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Modern Animalism

Modern Animalism: Habitats of Scarcity and Wealth in Comics and Literature

Copyright Date: 2012
Pages: 160
  • Book Info
    Modern Animalism
    Book Description:

    Drawing on a wide range of scholarship, from environmental economics to psychology, Glenn Willmott examines modern and post-modern allegories of the environment, the animal, and economics, highlighting the enduring and seductive appeal of the modern primitive in an age when living with less remains a powerful cultural wish.

    eISBN: 978-1-4426-9558-0
    Subjects: Language & Literature, Sociology

Table of Contents

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  1. Front Matter
    (pp. i-vi)
  2. Table of Contents
    (pp. vii-viii)
  3. Acknowledgments
    (pp. ix-2)
  4. Introduction
    (pp. 3-23)

    You face a square of transparent glass hemmed in by immutable black walls. Within its depths of clear glass flow delicate translucent blobs, rings of luminous membrane alive with a languid self-exposure. Reaching, touching, contracting, hanging in space, they secrete startling effects of colour and imperceptible motion. They slide over and against each other, or face each other, in static, pregnant emptiness as you face them. Something tugs at you, the pull exerted by pictures of life, but here without any recognizable face or form. Is it because these small, radiant figures evoke a memory of cellular plasm under microscope...

  5. Chapter One Modern Habitats
    (pp. 24-45)

    I have argued thatThe Waste Land, Mrs. Dalloway, andUlyssesall represent mimeses of environments of productive throughput, as a foil against which to challenge conventional notions of scarcity and abundance, and related assumptions about how value is produced and sustained in answer to needs and desires, in modern economic thinking. I have also suggested that the biophysical basis of the concept of throughput may be expanded to include materials and by-products that are not only physical (including physical energy) and biological (including labour power), as would normally be regarded by economic theorists. One might include psychical capacities and...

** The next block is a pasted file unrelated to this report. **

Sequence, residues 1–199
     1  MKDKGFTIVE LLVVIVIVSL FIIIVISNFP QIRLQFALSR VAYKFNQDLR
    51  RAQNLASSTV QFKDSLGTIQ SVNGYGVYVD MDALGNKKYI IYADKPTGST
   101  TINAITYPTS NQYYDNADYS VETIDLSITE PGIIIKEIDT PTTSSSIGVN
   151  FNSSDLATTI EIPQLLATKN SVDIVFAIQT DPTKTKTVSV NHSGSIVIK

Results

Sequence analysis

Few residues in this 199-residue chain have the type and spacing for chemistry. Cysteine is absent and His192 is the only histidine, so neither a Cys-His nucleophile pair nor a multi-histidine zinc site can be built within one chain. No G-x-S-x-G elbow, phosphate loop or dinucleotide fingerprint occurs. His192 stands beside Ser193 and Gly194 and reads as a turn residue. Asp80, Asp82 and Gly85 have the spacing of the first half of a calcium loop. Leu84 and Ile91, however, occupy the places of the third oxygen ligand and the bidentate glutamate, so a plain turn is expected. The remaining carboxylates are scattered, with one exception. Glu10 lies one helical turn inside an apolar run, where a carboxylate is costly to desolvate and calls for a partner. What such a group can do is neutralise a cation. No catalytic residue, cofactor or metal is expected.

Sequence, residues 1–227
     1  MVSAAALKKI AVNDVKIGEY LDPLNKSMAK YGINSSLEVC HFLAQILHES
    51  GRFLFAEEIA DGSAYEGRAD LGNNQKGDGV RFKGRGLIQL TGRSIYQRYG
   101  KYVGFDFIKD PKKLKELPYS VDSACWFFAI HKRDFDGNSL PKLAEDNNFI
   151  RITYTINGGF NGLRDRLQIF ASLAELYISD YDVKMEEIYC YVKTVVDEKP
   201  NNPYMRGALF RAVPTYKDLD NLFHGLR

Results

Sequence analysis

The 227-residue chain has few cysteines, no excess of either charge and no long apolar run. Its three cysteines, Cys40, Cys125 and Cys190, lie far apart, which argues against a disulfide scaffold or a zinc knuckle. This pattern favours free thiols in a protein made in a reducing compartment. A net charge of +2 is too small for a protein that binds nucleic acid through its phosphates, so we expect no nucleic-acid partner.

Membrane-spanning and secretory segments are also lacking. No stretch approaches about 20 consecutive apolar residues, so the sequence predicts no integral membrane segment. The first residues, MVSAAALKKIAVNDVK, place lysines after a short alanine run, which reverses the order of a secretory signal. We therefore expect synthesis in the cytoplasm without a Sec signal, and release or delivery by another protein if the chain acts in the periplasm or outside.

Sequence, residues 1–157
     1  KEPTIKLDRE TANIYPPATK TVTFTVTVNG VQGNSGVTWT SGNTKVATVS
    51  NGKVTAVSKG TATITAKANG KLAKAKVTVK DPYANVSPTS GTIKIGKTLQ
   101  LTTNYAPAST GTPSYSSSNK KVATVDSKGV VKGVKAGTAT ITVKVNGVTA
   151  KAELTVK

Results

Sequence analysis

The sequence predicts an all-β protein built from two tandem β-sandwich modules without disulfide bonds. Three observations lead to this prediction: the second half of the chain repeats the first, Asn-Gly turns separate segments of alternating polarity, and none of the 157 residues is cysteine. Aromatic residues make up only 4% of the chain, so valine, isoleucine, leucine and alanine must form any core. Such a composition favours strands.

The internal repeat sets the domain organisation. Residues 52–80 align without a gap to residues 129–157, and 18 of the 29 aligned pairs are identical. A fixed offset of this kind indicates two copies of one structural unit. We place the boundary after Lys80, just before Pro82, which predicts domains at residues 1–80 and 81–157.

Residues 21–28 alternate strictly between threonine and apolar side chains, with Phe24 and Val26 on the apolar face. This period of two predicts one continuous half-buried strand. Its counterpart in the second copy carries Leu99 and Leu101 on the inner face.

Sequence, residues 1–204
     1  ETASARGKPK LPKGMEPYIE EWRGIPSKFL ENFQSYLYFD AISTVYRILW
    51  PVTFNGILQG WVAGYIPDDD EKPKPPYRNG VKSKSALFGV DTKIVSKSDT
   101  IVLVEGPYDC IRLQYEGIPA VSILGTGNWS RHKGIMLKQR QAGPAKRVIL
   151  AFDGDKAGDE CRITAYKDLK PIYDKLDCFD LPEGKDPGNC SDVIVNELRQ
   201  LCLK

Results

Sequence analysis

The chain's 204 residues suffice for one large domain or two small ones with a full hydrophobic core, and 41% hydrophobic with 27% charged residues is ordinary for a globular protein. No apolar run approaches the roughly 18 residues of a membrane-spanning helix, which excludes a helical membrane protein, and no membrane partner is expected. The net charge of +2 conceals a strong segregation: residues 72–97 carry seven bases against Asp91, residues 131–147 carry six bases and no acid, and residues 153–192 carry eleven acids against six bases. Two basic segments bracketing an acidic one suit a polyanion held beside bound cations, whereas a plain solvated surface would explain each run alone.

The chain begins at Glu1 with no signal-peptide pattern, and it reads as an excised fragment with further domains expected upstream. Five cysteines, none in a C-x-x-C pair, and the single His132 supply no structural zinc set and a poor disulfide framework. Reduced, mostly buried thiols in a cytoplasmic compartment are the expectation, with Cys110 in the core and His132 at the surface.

6. Chapter Two Problem Creatures
    (pp. 46-68)

    Though economic visions are diverse in modernist and postmodernist art, it will be evident from the preceding discussions that the renunciation of conventional abundance, the radical questioning of needs and desires, and the search for alternative forms of wealth and satisfaction seem to have a common iconology with which the reader is invited to identify: the creaturely synthesis of human and animal, sometimes human and technological (including the technology of writing), sometimes all three. This post-human figure ranges across hybrid species, from the simian Sweeney to Slumberland’s strange denizens, to the lexically dislocated animals and saints that supplementThree Lives...

  7. Chapter Three Surviving History
    (pp. 69-92)

    Against the bitter harvest of modern economic life, out of which it is born, the creative desert ofKrazy Katevokes desires to live otherwise, and in a dream of renunciation and asceticism that imagines new industries of warmth and delight, to be modern otherwise. But we humans are not cartoon kats, it must hardly be said, and cannot change ourselves and history with a cartoonist’s tabula rasa and graphic genius. This dream lives on into many forms of contemporary art and literature, but so does the problem of making it real, of telling a story that gets us from...

  8. Colour plates
    (pp. None)
  9. Chapter Four Growing Wonder
    (pp. 93-117)

    On first consideration, those I have calledproblem creaturesmight seem to dwell only in the margins of the great tradition of modern literature – as principal figures in comics and other non-canonical forms and genres, or as subsidiary elements in canonical texts. While I and other writers do strive to shed light on the unsuspected number of non-human creatures scurrying beneath the floorboards of this canonical literary tradition, and to give greater significance to their sightings, it is also true that for Western readers such creatures have always already played a principal role in the bright light of day, and...

  10. Conclusion
    (pp. 118-120)

    I have argued that modernists and their postmodern creative successors offer great challenges to our economic imaginations. In order to do so, I have drawn from a wide range of differently situated modernisms and habitats, from Europe to North America and Japan, and cast light on commonalities in the folds of individual expression. In diverse forms and styles, and from a variety of planetary sites, these writers and artists have refused a reigning modern ideology of consumer abundance, and have sought to express new kinds of wealth within figures of scarcity. Whether achieved by an exercise of imaginative renunciation and...

  11. Notes
    (pp. 121-126)
  12. Works Cited
    (pp. 127-132)
  13. Index
    (pp. 133-136)